Deciding which board is for you is a major key to your future success on a board. Taking on a board role that is not suited to you can lead to problems later down the line. So before you even start to prepare your application, you need to really consider the question which board roles will be best suited to you.
On the assumption that you are willing to manage your expectations and aspirations, then asking yourself the kind of questions below might help narrow down the sort of board that you should aspire, at least initially, to apply to.
Questions to ask yourself when deciding which board role to apply for
- Do you need to get paid?
Only considering paid board roeles can be a stumbling block for many. Instead, consider whether being part of an influential board or company is enough.
- Do you have past board experience?
If not, put yourself in the seat of a Chair – what kind of board would you realistically appoint yourself to?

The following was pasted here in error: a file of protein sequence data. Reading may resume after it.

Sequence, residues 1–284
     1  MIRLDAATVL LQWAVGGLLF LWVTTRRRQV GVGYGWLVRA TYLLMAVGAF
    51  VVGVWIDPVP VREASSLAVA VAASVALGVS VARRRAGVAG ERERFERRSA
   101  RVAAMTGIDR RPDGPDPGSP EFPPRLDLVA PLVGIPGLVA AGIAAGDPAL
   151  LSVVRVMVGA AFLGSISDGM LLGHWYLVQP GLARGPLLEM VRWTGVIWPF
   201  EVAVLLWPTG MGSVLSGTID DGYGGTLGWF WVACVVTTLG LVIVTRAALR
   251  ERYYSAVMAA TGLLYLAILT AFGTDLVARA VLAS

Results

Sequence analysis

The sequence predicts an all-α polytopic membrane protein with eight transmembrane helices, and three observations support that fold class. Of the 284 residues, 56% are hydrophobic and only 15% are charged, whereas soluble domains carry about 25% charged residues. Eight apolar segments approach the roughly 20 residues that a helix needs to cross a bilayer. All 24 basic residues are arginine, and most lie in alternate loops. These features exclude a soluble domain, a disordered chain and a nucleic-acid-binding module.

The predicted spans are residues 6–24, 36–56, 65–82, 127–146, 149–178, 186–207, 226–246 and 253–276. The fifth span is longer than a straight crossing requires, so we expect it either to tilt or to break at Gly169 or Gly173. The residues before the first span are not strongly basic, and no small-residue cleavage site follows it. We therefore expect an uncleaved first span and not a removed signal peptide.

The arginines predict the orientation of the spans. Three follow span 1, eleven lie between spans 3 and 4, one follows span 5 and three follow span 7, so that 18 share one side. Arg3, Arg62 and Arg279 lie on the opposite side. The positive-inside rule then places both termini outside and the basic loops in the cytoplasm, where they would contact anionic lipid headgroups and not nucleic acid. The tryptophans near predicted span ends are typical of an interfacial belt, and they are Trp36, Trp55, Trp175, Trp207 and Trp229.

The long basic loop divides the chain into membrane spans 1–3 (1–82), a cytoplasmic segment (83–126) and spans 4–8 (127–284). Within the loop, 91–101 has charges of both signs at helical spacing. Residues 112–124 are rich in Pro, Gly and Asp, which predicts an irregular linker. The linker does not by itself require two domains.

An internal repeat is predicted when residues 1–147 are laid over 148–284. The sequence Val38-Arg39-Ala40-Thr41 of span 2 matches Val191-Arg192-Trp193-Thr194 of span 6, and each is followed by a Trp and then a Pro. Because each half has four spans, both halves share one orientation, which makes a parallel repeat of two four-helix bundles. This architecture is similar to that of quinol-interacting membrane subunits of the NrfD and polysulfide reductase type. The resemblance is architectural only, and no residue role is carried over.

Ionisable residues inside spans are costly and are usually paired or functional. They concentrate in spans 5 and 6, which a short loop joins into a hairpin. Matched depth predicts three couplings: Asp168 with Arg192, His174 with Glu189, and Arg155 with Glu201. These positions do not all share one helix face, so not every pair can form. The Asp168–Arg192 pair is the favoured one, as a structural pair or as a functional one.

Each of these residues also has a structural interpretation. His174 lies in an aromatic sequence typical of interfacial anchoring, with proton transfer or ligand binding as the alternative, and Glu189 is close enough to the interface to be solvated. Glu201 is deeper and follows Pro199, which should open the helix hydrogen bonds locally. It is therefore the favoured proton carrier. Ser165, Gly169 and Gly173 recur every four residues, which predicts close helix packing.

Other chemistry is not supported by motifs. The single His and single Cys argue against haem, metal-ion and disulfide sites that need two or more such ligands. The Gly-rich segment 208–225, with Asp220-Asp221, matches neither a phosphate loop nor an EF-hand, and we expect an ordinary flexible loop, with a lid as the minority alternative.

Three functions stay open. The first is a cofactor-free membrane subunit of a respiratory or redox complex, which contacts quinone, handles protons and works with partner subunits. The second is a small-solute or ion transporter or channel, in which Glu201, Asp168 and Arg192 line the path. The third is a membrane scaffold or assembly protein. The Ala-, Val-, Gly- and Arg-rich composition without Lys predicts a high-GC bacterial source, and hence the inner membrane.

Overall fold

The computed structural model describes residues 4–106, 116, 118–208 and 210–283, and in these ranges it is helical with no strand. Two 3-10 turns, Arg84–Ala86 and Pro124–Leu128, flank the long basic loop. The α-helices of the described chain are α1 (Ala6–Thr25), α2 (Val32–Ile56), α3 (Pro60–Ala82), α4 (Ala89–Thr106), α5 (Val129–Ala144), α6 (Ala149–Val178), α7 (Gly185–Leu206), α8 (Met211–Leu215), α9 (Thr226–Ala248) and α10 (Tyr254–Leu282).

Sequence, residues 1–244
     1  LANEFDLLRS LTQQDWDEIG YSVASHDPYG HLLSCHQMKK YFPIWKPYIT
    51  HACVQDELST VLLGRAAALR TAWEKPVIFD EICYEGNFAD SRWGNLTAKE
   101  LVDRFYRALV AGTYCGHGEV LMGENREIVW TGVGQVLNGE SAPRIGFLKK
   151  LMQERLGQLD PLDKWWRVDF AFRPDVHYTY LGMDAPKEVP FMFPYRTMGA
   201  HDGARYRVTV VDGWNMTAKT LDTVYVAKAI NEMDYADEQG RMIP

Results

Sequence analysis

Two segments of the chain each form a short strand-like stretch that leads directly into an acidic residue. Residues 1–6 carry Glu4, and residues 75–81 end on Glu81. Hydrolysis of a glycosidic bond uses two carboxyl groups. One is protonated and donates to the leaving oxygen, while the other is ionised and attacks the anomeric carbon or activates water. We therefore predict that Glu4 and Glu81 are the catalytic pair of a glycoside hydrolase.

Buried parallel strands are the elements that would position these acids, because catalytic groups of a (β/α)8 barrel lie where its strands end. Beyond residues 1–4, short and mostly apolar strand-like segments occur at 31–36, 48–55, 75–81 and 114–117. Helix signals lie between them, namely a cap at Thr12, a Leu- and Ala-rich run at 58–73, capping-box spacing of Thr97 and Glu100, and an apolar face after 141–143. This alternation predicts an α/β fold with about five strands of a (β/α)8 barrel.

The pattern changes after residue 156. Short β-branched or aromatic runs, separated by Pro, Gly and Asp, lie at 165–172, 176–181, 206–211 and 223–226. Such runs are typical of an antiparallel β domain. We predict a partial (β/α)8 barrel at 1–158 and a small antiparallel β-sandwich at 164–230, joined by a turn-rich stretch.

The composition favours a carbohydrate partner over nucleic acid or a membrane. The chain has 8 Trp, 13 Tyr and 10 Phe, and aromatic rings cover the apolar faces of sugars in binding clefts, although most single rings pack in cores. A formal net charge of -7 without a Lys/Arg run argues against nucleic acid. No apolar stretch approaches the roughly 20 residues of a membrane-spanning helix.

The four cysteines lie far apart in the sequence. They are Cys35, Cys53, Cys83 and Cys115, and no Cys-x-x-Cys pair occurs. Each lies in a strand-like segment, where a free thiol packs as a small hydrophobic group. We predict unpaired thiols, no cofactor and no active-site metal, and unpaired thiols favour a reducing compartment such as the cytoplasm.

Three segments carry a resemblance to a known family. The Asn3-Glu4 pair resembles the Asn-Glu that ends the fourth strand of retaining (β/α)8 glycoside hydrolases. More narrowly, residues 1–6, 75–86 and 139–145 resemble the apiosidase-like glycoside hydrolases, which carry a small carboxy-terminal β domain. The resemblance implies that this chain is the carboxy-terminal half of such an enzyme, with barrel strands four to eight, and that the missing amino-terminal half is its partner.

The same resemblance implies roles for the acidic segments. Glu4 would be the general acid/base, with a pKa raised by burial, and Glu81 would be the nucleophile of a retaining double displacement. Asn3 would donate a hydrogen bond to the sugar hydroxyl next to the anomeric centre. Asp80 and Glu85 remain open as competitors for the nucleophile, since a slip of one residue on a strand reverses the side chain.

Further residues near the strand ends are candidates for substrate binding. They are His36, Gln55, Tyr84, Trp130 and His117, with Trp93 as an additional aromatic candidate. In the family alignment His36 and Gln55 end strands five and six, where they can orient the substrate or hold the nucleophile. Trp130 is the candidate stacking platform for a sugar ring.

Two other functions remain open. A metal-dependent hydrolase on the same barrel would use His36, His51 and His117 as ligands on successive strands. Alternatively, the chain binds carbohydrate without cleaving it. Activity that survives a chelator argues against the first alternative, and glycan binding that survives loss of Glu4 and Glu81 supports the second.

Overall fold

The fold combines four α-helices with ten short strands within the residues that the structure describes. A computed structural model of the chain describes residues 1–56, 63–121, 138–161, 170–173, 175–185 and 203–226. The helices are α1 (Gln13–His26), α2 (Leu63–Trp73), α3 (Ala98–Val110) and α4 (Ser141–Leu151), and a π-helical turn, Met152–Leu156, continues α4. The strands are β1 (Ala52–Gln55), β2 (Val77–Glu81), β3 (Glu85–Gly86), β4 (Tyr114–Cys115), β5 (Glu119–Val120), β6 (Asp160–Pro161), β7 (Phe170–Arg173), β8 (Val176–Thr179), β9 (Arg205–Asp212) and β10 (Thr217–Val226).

- What is your skill set?
Think critically about how valuable it is at board level and try to consider a practical example of your contribution.
- Where do you live?
If you live some distance from where the organisation operates, think about whether you would add as a board member above and beyond that which a more local candidate would.
- What your contacts are like?
Are they industry based and as such deep and narrow or shallow but broad? In either case, how do they relate to the needs of the board?
- What your timings are?
How quickly ‘must’ you get your first board appointment? Are you willing to hold out for the perfect board or will something that you are passionate about but not perfect suffice initially?
- What are your passions for being on a board?
Can you demonstrate a passion for board work and not just being a board member?
- How much time do you have?
Board work can be demanding and often conflicts with your executive career. Can you afford at least one day out of the office a month?
- How much preparation are you willing to do to be appointed?
Applying for and being appointed to a board can be even more labour intensive than applying for an executive role. Are you prepared for the journey?
By managing your expectations and taking a critical look at what you have to offer a board, these questions should go some way to answering the question of ‘Which board is for you?’
BOARD DIRECTION CAN HELP